The common, prevailing advice given regarding TLS certificates is to avoid using wildcard certificates. That is, when securing a domain, it is considered a best practice to use a certificate for
mydomain.example.com instead of
The risk is that a compromised wildcard certificate has a large blast radius, and allows attackers to create multiple malicious domains under a ‘trusted’ banner.
Organizations and individuals that host internal infrastructure (services, containers, instances, all kinds of things), have a need to secure traffic to said infrastructure. Although it’s possible to manage internal infrastructure with private DNS
mydomain.example.internal and private certificate authorities, many people will want to avoid its associated overheads.
It’s now a very common approach to take the easier route and use public DNS for internal infrastructure, such as
mydomain.example.tech. Using public DNS allows taking advantage of free automated certificate providers such as Let’s Encrypt and Amazon ACM.
Certificate Transparency Logs can be a risk
Certificate Transparency Logs (CRTs) are an Internet standard for monitoring certificates issued by all major Certificate Authorities (CAs). When CAs issue certificates, they now voluntarily send a log to a public ledger, which can be queried by browsers when a user visits a website, to ensure that the certificate being presented was legitimately issued.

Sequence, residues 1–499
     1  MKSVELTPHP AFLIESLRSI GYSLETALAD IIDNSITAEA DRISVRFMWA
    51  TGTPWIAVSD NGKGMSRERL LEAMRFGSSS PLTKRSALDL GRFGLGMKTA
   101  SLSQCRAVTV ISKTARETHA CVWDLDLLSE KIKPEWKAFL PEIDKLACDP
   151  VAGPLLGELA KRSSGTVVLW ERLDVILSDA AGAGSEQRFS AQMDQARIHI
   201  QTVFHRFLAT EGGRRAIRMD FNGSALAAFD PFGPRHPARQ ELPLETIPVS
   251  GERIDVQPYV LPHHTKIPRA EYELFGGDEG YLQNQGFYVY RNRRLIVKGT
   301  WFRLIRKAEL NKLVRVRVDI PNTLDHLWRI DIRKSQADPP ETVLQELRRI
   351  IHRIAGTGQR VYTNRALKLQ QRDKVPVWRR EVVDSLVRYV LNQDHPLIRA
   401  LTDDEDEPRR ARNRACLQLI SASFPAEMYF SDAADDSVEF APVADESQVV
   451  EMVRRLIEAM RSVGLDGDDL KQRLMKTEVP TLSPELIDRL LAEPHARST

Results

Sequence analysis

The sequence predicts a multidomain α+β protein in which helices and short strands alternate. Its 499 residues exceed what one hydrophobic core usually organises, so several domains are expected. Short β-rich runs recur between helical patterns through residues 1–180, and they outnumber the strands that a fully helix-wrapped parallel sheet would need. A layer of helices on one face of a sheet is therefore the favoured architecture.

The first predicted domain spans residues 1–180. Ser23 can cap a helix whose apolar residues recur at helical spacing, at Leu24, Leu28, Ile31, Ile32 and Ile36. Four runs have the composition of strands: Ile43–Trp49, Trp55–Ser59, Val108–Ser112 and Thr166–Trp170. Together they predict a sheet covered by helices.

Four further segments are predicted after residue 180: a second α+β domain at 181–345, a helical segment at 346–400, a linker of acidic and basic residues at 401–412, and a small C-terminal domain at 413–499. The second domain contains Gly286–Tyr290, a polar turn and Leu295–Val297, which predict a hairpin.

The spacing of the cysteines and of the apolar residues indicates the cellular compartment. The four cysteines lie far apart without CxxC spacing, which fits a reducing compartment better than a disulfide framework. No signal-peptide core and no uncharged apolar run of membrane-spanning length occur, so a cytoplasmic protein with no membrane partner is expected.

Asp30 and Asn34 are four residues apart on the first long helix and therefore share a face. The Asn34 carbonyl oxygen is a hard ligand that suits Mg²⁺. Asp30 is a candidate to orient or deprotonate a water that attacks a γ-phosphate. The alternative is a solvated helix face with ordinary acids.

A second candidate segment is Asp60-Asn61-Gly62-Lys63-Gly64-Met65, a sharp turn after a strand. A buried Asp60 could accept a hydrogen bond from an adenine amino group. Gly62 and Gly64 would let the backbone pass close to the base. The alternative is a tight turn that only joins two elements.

This public ledger is visible to anyone and can be seen on sites such as crt.sh. Try some searches such as example.com and google.com.
Which means, any certificates issued against internal infrastructure using public DNS should be visible in this log. And it is! The risk here is that an attacker now has an inventory of a company’s infrastructure that they would not normally have or easily gain.
A commonly cited example of such exposure was the Transport for New South Wales department with their domain
transport.nsw.gov.au, and a search on a CRT logs website reveals a huge number of internal domains.
Presumably towards the end of 2020, they seem to have cleaned up their presence (I can only assume due to the attention this CRT received).
When to use wildcard certificates
Digging through a list like the CRT can reveal not just internal infrastructure, but information about the inner workings in and around it. I consider this risk to be much higher than that of a compromised wildcard certificate.
My recommendation is to use a wildcard certificate for internal domains, if using public DNS and public CAs. This reduces the internal enumeration risk, while letting development teams retain the convenience of automated domains and certificates.